I believe no Member of the Dáil - I am not sure how it works for Members of the Seanad - can be declared bankrupt; if that should happen, he or she loses his or her seat. I stand to be corrected on that issue, but perhaps the Minister might shed some light on it. I am not a constitutional law expert, but I believe the issue features somewhere in the Constitution. It is one that should be addressed because I am sure there are Members of the Lower House and possibly in this House who may find themselves in financial difficulty from time to time. It is not the way a democracy should work; just because a person finds himself or herself in financial difficulty and becomes bankrupt should not mean he or she cannot put his or her name on the ballot paper. The people should judge whether he or she is capable of doing the job.

The Bill will help us to deal with the consequences of the financial crisis and the fact that the country was broke until a couple of years ago and that thousands of people found themselves mired in desperate financial difficulties.

There can be nothing more lonely or soul-destroying than for a person with a small business, finding themselves going broke, having to spend one year to access bankruptcy either in the city of London, Scotland or Holyhead, as a former Member of the other House had to. If nothing else, this legislation amends the bankruptcy arrangements to allow people opt for the same option in this country as they could by going overseas.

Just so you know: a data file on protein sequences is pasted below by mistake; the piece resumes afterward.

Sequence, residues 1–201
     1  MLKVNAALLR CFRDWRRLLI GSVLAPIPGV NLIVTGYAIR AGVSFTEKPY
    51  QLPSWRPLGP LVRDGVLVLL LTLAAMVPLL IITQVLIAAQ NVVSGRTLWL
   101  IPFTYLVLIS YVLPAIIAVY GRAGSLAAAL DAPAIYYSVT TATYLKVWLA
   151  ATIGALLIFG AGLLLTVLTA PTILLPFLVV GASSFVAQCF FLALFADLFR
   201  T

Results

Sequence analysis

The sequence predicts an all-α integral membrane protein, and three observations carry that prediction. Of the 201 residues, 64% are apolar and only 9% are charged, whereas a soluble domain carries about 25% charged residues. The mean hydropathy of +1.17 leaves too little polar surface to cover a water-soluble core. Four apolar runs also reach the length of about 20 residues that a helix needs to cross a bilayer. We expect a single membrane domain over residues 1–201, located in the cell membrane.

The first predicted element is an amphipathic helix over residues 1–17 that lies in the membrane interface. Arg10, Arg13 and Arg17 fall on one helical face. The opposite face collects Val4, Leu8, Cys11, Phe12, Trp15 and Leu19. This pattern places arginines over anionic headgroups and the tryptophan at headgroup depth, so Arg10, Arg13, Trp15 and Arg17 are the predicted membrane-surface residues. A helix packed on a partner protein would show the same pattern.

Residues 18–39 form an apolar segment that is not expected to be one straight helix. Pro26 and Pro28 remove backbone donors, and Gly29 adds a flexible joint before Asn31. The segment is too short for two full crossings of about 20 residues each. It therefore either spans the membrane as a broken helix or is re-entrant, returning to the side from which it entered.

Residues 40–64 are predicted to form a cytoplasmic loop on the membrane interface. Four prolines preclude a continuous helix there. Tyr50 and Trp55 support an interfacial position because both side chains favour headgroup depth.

I, too, welcome this legislation which is a positive move. It is important we facilitate people whose businesses have collapsed or who have unsustainable personal debts to make a fresh start and to be able to contribute to the economy again. I also note the Bill includes increased penalties in cases of non-co-operation and fraud. It is right to have that balance to support those who are genuinely co-operating and want to rebuild their lives while having disincentives for those who might try to take advantage of the situation. The Bill is in line with the recommendations of the Oireachtas Joint Committee on Justice, Defence and Equality which considered this issue in depth, receiving 122 submissions on it, most of which were in favour of the reduction of the term to one year.

Reducing the bankruptcy term to one year will aid not just the individuals concerned, but the recovery of the State by enabling people caught up in bankruptcy to become positive contributors to the economy again. It is hoped it will encourage financial institutions to engage more with debtors and reach meaningful solutions prior to bankruptcy to ensure people do not have to take the nuclear option. It will bring Ireland into line with other countries such as the United Kingdom, including Northern Ireland, where the bankruptcy term is one year. It has been unfair that some people who were in a position to do so were able to go to the United Kingdom for one year to have their bankruptcy discharged, while others who were not able to do so were stuck in Ireland, not able to avail of the opportunity. It is only fair everybody should be subject to the same terms.

It is also important to recognise that businesses fail. Senator Paschal Mooney referred to the entrepreneurial culture in the United States with the notion that one is not really a business person unless one has failed once or twice before hitting the big idea. We need to encourage greater entrepreneurship in Ireland and people to take the risk of setting up businesses. We cannot be overly punitive, making people believe they will lose everything and be left in a bankruptcy limbo for years if they fail.